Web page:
The final graceful suspension design was conce
Rothschildia erycina, or Rothschild's silk moth, is a moth of the family Saturniidae first described by George Shaw in 1796. It is found from Mexico to Paraguay; the habitat is tropical wet savannah. It is found on altitudes of up to 1,200 meters above sea level; the larvae feed on Ailanthus altissima, Exostema, Antonia, Cenostigma and Dodonaea species. The larval stage lasts about 40 days. Pupation takes place in a large silken cocoon; the pupal stage lasts 3 to 4 weeks. Rothschildia erycina erycina Rothschildia erycina mexicana Draudt, 1929 Rothschildia erycina nigrescens Rothschild, 1907
Enzyme potentiated desensitization, is a treatment for allergies developed in the 1960s by Dr. Leonard M. McEwen in the United Kingdom. EPD uses much lower doses of antigens than conventional desensitization treatment paired with the enzyme β-glucuronidase. EPD is approved in the United Kingdom for the treatment of hay fever, food allergy and intolerance and environmental allergies. EPD was developed for the treatment of autoimmune disease by the United Kingdom company Epidyme, owned by Dr. McEwen and had been granted a United Kingdom patent. Despite encouraging results in an experimental model of rheumatoid arthritis, the company was placed into liquidation in April 2010. EPD was available in the United States until 2001, when the Food and Drug Administration revoked approval for an investigative study which it had sanctioned; that study had allowed EPD to be imported into the United States without being licensed. The approval was revoked because the EPD treatments included complex mixtures of allergens that were not allowed under FDA rules.
Since 2001, the FDA has banned importation of EPD for the following reasons: EPD is not licensed. The labeling of the medicine does not contain adequate directions for use. A related treatment, Low Dose Allergens, was developed in the US by Dr. Shrader, being a compounding rather than a drug, is not regulated by the FDA. In addition, LDA uses a different allergen mix for the US environment. However, LDA is considered by many in the field to be a repackaging of EPD that circumvents the FDA guidelines that caused EPD to be revoked; the enzyme beta glucuronidase appears to potentiate the desensitizing effect of a small dose of allergen. The quantities of both are smaller than those occurring in the body, but not so small that they can be regarded as homeopathic. Intradermal injections are used; the treatment takes 3–4 weeks before any effect is seen. For food and environmental allergies and intolerances treatments are given at two monthly intervals at first, but the interval between treatments is lengthened.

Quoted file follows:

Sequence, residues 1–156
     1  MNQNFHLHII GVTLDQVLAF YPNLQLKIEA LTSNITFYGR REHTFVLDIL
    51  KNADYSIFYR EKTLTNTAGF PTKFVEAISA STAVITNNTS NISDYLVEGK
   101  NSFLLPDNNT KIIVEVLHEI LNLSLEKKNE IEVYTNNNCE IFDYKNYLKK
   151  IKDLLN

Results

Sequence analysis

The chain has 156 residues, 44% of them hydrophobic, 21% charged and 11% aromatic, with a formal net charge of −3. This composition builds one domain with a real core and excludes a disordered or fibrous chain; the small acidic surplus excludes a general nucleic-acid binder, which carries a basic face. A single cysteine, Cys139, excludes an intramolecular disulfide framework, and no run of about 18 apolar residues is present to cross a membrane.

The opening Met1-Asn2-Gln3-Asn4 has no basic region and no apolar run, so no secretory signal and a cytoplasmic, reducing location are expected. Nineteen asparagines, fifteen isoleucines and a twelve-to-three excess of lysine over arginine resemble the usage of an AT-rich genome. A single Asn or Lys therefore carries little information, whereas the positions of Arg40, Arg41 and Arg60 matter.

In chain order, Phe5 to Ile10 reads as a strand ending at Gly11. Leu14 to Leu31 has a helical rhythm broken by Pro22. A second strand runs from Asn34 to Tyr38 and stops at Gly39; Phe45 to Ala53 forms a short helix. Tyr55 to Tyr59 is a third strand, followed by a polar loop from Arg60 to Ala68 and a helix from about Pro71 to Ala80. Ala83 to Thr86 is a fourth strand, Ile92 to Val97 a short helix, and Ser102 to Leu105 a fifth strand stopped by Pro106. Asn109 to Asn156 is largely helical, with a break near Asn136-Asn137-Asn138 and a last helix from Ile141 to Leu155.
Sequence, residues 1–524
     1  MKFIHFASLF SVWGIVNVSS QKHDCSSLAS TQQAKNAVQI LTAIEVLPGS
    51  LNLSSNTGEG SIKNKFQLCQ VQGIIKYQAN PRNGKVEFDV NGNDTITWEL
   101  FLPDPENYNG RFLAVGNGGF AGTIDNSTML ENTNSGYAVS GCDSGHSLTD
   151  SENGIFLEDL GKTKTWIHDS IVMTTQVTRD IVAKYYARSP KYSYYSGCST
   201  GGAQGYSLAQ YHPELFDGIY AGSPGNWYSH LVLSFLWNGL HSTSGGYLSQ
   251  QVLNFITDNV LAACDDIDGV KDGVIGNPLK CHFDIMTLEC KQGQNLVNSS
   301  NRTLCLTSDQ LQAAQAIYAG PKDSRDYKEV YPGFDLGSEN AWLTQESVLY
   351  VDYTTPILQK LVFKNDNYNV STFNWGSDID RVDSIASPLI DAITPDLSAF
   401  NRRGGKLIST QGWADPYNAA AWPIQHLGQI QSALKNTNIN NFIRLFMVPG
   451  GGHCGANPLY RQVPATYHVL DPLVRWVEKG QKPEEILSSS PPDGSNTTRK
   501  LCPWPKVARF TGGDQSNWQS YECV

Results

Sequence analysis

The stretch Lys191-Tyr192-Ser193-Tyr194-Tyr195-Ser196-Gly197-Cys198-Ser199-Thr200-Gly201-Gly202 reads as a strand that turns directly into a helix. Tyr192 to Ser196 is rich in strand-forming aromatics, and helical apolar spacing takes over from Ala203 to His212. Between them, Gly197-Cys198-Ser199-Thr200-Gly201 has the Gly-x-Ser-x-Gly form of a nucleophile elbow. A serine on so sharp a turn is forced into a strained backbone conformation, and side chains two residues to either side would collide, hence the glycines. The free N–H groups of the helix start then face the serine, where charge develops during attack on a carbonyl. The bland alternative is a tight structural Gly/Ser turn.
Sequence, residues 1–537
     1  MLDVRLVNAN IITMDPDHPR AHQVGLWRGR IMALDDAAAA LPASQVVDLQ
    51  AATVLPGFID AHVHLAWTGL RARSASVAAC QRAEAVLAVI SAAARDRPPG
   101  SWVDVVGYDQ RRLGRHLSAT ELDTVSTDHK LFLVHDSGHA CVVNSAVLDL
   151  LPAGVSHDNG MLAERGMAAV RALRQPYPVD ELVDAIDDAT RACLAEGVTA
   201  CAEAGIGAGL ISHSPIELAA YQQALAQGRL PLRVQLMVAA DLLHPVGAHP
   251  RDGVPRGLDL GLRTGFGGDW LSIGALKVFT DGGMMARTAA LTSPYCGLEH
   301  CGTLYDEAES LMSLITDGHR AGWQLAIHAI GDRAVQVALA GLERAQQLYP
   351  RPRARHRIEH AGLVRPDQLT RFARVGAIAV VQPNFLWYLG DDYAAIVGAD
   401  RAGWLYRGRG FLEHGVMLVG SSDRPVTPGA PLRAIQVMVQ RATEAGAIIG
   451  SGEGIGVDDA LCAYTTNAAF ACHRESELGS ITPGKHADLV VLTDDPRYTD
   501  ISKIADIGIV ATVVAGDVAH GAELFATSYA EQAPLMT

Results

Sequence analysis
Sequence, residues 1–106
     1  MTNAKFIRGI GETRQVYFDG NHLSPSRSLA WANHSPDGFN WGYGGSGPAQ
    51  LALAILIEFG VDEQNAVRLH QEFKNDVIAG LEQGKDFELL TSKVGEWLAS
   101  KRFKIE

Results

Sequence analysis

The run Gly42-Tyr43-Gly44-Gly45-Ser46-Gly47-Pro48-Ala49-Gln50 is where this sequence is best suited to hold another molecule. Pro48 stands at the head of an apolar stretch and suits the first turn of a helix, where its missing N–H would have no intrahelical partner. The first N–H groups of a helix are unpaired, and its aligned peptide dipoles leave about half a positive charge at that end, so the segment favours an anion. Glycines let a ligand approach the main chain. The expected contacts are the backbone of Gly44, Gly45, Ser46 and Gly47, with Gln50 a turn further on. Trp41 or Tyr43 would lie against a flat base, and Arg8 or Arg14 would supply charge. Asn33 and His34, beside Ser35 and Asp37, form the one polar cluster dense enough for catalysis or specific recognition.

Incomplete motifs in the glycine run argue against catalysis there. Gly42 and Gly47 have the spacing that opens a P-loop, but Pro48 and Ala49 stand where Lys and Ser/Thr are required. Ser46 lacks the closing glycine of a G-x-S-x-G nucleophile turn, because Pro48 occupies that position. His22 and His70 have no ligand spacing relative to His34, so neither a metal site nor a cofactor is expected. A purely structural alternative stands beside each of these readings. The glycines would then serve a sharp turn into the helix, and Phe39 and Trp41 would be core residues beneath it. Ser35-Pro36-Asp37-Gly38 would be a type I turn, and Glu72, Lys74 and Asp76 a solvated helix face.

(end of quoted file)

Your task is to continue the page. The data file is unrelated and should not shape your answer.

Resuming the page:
Hay fever is treated with two shots of EPD outside the pollen season. The treatment uses dilutions of allergen and enzyme to which T-regulatory lymphocytes are believed to respond by favouring desensitization, or down-regulation, rather than sensitization. Once activated these lymphocytes travel to lymph nodes and reproduce or stimulate similar T-lymphocytes. EPD is considered experimental by some allergists. However, there is evidence for the efficacy of EPD in the treatment of hay fever and other conditions as a result of nine placebo-controlled, double-blind trials involving 271 patients; these trials showed a significant improvement in the symptoms with probabilities of 0.001 to 0.01. However, one trial involving 183 patients published in the British Medical Journal showed no overall effect. Dr Len McEwen, inventor of EPD, speculated that the reason for the failure might have been that the beta glucuronidase enzyme preparation was inadvertently heated or frozen during storage in the hospital pharmacy, as it is sensitive to the storage temperature and enzyme from the same manufactured batch had been used to treat a number of patients successfully.
However, there is no evidence available after the event to test this theory as the remaining trial materials were destroyed after the trial ended. While the efficacy of EPD is sometimes the subject of controversy among the medical community, the safety of EPD is demonstrated in one study under the control of an Investigational Review Board and reported by the American EPD Society. 5,400 patients received at least 3 doses of EPD with no severe reactions reported. By contrast uncontrolled use of conventional immunotherapy for general allergic conditions was believed to be responsible for at least 29 deaths in the UK, is now banned in the United Kingdom except in hospital under close observation. A working party of the British Society for Allergy and Clinical Immunology reviewed the role of conventional high dose specific allergen immunotherapy in the treatment of allergic disease and recommends high dose specific allergen immunotherapy for treating summer hay fever uncontrolled by conventional medication and for wasp and bee venom hypersensitivity.
For the recommended indications the risk:benefit ratio was found to be acceptable for conventional immunotherapy provided patients are selected. Conventional escalating-dose immunotherapy has been used to treat tens of millions of people in the United States with appropriate medical supervision with a death rate of less than one in one million according to the American Academy of Allergy and Immunology. EPD has not been developed for treatment of allergy to insect stings, nor for contact dermatitis and allergy to drugs, it is not FDA approved